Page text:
Law Firm Partners Are Unknowingly Racist
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law firm diversity

Summary: A new study discovers an unconscious bias in law firm partners that puts African-American male associates in a more critical position.

There is a lack of diversity in the legal industry, but everyone already knew that. While efforts have been made to hire more female and minority associates, the gap is still large. Surveys completed by associates show that partnership ranks at the firms where they work are overwhelmingly white and male. Nextions conducted a study on law firm partners to determine if there was a bias when evaluating the writing of a male African-American associate.


Nextions, along with five partners at five different law firms, created a research memo that a typical third-year litigation associate would produce. They inserted 22 errors into the memo. The memo was then sent out to 60 partners at 22 law firms that had agreed to participate in a “writing analysis study”. Of the 60 partners, 23 were women, 37 were men, 21 were racial/ethnic minorities, and 39 were Caucasian. The instructions asked the partners to edit the memo for factual, technical, and substantive errors. They were also supposed to rate the memo on a level of 1 to 5, with 1 being bad and 5 being exceptionally well written. They were not asked to comment on the format. Half of the partners were told that the writer was African American; the other half were told the writer was Caucasian. The name of the writer and law school he attended stayed the same.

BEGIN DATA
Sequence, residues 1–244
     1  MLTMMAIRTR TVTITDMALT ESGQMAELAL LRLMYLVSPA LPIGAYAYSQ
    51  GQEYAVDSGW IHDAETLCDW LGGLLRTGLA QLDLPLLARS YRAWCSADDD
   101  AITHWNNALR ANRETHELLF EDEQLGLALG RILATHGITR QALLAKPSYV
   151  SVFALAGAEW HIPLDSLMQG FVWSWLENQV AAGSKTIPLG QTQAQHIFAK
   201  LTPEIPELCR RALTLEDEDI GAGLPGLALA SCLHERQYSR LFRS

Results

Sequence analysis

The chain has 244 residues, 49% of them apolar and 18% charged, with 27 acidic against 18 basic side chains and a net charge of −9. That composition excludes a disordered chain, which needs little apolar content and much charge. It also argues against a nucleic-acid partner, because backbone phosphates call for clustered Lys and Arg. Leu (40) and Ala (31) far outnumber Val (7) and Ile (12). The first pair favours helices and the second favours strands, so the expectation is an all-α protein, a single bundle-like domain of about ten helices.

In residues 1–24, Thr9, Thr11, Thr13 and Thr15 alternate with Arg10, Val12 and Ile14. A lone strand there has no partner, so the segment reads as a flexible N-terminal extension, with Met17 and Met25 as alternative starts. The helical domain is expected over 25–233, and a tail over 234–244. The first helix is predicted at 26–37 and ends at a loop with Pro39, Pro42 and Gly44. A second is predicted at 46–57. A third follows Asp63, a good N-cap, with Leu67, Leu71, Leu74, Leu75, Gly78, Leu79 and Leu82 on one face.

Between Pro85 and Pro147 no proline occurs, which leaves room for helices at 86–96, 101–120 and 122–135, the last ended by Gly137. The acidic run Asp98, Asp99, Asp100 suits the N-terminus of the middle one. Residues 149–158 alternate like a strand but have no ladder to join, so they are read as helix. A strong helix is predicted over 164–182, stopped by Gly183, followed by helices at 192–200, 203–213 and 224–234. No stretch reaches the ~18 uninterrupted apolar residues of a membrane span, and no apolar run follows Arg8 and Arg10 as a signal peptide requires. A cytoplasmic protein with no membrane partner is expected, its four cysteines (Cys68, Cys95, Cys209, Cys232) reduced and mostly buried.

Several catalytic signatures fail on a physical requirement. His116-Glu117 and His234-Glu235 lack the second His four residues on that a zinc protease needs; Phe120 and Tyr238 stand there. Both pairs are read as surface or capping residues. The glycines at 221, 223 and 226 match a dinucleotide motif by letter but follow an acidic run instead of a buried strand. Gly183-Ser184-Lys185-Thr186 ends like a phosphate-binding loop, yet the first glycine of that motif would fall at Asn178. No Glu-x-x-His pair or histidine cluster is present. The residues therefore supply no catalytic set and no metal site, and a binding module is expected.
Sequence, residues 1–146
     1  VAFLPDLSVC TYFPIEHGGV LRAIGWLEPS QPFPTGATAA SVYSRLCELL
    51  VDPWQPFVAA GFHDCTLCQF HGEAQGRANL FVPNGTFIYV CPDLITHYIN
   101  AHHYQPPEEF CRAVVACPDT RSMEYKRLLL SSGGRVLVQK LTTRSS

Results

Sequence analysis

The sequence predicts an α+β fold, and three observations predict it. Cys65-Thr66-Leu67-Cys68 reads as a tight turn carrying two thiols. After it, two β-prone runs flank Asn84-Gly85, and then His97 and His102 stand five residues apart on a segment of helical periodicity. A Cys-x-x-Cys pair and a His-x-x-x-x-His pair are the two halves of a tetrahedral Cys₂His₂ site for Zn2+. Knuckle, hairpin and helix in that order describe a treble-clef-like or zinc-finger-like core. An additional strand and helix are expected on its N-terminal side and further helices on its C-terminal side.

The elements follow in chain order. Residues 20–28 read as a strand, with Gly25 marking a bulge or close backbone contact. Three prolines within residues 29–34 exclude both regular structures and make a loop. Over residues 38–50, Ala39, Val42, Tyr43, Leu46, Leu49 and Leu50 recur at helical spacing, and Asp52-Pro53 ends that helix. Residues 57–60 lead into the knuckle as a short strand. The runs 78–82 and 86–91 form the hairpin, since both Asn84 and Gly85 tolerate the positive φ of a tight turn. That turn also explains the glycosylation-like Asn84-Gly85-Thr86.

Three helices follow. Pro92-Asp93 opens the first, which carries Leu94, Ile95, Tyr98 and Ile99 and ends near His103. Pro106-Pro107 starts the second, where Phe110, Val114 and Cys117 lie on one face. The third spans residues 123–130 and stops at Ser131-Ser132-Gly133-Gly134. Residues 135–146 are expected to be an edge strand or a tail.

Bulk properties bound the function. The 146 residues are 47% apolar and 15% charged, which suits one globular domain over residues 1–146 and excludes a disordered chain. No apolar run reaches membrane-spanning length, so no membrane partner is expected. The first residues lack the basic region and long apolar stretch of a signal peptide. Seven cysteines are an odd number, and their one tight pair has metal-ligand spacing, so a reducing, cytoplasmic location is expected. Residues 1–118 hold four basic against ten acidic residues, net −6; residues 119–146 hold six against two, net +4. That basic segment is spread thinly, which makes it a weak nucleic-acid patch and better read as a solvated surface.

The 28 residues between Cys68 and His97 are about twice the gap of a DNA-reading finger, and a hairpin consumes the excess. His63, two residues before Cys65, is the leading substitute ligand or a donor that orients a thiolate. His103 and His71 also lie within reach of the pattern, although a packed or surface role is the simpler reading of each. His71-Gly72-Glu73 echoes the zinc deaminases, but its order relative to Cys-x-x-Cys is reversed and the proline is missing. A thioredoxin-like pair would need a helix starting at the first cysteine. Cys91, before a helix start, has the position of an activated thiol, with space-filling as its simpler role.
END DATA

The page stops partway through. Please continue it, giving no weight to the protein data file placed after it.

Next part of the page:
Fifty-three partners completed the study, 24 African Americans and 29 Caucasians. The memos were identical, but when the writer was African-American, more errors were found and an overall lower score of 3.2 out of 5 was given. The Caucasian writer received a score of 4.1 out of 5. Even though the partners were not asked to comment on the format, 29 wanted formatting changes from the African-American with only 11 for the Caucasian. The gender or race of the partner evaluating the memo did not seem to matter, although women did tend to find more errors and give longer comments.

The findings of the study point towards an inclination that when partners have lower expectations, they are less forgiving of mistakes. The study would need to be redone with each partner reading two memos, one written by an African-American and another by a Caucasian to remove the chance that some partners are just more aware of errors than others.

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Overall, the study points to an alarming trend of partners being more critical of African-American associates because they assume their work will lack quality. There other factors contributing to an associates’ chance of being considered for bonus and promotions, but it appears that African-American males may face tougher expectations that Caucasian males. An unconscious bias is just as damaging as a conscious one.

What do you think of the study’s findings? Tell us in the comments below the article.




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